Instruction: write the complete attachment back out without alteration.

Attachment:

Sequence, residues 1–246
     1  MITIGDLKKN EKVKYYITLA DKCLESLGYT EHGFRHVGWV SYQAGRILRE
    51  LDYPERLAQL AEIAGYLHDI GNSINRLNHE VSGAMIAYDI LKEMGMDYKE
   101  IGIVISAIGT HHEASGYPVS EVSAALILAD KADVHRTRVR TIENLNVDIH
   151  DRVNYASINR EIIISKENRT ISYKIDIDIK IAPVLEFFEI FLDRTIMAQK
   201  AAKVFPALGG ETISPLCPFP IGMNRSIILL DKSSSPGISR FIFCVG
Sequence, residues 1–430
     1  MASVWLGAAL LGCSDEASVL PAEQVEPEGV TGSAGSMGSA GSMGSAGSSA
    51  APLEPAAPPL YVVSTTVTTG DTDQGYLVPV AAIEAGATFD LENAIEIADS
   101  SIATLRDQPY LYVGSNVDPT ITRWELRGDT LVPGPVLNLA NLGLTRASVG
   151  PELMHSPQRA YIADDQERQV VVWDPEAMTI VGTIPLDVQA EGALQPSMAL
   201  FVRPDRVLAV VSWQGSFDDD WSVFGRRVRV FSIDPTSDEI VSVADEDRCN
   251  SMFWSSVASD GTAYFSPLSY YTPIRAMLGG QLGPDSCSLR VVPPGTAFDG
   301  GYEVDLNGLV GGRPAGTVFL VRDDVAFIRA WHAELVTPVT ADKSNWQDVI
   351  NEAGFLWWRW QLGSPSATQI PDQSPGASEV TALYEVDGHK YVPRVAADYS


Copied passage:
Sequence, residues 1–246
     1  MITIGDLKKN EKVKYYITLA DKCLESLGYT EHGFRHVGWV SYQAGRILRE
    51  LDYPERLAQL AEIAGYLHDI GNSINRLNHE VSGAMIAYDI LKEMGMDYKE
   101  IGIVISAIGT HHEASGYPVS EVSAALILAD KADVHRTRVR TIENLNVDIH
   151  DRVNYASINR EIIISKENRT ISYKIDIDIK IAPVLEFFEI FLDRTIMAQK
   201  AAKVFPALGG ETISPLCPFP IGMNRSIILL DKSSSPGISR FIFCVG
Sequence, residues 1–430
     1  MASVWLGAAL LGCSDEASVL PAEQVEPEGV TGSAGSMGSA GSMGSAGSSA
    51  APLEPAAPPL YVVSTTVTTG DTDQGYLVPV AAIEAGATFD LENAIEIADS
   101  SIATLRDQPY LYVGSNVDPT ITRWELRGDT LVPGPVLNLA NLGLTRASVG
   151  PELMHSPQRA YIADDQERQV VVWDPEAMTI VGTIPLDVQA EGALQPSMAL
   201  FVRPDRVLAV VSWQGSFDDD WSVFGRRVRV FSIDPTSDEI VSVADEDRCN
   251  SMFWSSVASD GTAYFSPLSY YTPIRAMLGG QLGPDSCSLR VVPPGTAFDG
   301  GYEVDLNGLV GGRPAGTVFL VRDDVAFIRA WHAELVTPVT ADKSNWQDVI
   351  NEAGFLWWRW QLGSPSATQI PDQSPGASEV TALYEVDGHK YVPRVAADYS